When and how to use them to save time and money
Changes to the plans or specifications are a fact of life for custom boatbuilders and, unfortunately, they are often a source of confusion and disagreement between the boatbuilder and his customer. Don’t take them lightly and remember the following:
- Before you can determine what constitutes a change, you must have detailed plans and specifications for the project. Not having clearly written specifications is often the reason for disputes with a customer.
- Make sure that the contract for building the boat has a clause to deal with changes and follow it to the letter – every change, no matter how small, is a potential problem. Note: click here to download a sample template for a boatbuilding contract.
- Changes are usually requested by the customer as they see the boat taking shape, but you may also have to ask your customer to agree to a change if, for example, you can’t get the specified materials or equipment.
- After you have given the customer a firm price and signed a contract for the boat, you are in the driver’s seat if he/she wants changes. Changes can be very expensive and disruptive to your operation, so think about them carefully and don’t agree to them without considering the cost and other implications. It’s important to be reasonable and fair to your customer though – because you may need them to agree to one of your changes.
- Never make a change that you want without getting the customer’s approval first – it is their boat, after all. Remember that changes to brands, colours, fabrics, fittings, etc. can really upset some customers, to the point where they may refuse to take delivery.
- Many builders see an opportunity to make extra profit from change orders – if the customer really wants a change they often don’t mind paying for it, as long as it’s made clear to them what the cost will be. If the customer thinks a change is too expensive, then they may not go ahead with it – which is probably good for the builder.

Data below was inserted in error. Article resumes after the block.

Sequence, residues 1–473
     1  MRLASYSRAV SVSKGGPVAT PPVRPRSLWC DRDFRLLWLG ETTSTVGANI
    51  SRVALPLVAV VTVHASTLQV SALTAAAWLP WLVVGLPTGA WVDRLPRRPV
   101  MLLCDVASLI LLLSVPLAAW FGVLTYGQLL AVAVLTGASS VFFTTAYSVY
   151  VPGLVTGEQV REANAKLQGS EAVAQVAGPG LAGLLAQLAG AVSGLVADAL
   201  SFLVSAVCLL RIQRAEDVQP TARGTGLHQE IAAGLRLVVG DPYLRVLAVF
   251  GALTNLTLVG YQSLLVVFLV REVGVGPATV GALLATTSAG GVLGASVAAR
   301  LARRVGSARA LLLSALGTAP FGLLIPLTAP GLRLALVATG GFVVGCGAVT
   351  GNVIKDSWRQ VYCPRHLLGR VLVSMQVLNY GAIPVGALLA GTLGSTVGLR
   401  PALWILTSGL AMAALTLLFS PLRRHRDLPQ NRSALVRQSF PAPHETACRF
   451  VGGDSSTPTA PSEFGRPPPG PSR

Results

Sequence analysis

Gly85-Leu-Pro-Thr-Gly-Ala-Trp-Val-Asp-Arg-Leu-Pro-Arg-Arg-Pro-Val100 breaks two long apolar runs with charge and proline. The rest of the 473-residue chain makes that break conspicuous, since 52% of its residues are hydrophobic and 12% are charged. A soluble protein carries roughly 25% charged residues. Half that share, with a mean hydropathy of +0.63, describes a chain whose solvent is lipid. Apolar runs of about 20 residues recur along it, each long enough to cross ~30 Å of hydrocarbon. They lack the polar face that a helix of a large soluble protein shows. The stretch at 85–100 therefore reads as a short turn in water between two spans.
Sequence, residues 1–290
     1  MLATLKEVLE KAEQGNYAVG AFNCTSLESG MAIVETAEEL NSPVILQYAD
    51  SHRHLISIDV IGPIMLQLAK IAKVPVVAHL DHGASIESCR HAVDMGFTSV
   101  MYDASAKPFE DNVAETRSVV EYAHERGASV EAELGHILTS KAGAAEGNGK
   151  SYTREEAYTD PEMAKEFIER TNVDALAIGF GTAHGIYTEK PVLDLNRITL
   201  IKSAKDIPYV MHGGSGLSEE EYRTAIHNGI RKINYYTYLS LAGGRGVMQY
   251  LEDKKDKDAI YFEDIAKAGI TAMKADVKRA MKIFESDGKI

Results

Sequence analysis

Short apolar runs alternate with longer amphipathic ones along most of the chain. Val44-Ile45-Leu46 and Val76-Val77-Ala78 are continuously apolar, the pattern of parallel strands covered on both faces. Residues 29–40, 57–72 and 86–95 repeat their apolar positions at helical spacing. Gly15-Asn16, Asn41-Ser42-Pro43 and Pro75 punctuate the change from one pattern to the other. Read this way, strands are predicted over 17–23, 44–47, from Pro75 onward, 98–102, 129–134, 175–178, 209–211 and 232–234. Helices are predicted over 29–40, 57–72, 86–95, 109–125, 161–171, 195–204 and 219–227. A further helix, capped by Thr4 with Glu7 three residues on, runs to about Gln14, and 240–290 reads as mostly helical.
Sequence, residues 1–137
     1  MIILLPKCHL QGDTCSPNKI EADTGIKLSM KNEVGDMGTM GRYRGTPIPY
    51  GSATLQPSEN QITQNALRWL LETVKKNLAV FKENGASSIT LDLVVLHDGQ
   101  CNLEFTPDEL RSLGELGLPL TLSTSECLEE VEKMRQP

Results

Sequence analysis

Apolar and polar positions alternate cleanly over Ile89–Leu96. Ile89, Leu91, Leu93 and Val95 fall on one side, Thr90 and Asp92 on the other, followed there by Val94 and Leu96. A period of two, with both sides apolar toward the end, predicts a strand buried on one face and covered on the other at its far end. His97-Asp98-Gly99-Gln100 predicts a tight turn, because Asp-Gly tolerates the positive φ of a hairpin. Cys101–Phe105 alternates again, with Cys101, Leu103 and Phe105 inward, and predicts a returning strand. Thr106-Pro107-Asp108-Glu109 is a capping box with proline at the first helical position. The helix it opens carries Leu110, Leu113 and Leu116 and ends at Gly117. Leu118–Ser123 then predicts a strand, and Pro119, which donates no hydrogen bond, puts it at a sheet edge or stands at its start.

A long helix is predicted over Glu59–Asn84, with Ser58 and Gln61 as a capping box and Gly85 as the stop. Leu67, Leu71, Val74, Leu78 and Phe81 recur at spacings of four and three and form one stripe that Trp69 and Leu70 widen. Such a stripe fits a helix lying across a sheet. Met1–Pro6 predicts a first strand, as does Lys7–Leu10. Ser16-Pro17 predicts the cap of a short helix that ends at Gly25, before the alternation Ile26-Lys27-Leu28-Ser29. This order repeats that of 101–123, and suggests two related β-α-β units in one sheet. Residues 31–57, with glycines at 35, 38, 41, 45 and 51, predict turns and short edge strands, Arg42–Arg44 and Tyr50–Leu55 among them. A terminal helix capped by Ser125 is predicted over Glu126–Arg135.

- WRITE DOWN all changes and get the customer’s signature on a change order form every time (click here to download a sample form, and click here to download a customizable form you can use for your business). If you agree to a change over the phone, follow up immediately by sending out a change order form – and don’t do the work until you get the signed / approved form back.
- The change order form should clearly describe the change and all implications flowing from it – not just the cost. Pay particular attention to the potential or estimated effect on the delivery time for the boat.
- Make sure that you estimate the real cost of changes correctly and don’t do them for cost – add your normal markup.
- When it’s hard to estimate your costs accurately, which can be particularly difficult when you have to undo some work that’s already done, consider doing a change only if your customer agrees in writing to have it done on a cost basis of “time and materials”.
- Be wary of the customer who starts requesting changes very early on in the project. Let the customer know that changes will be expensive and could delay the delivery time of his boat.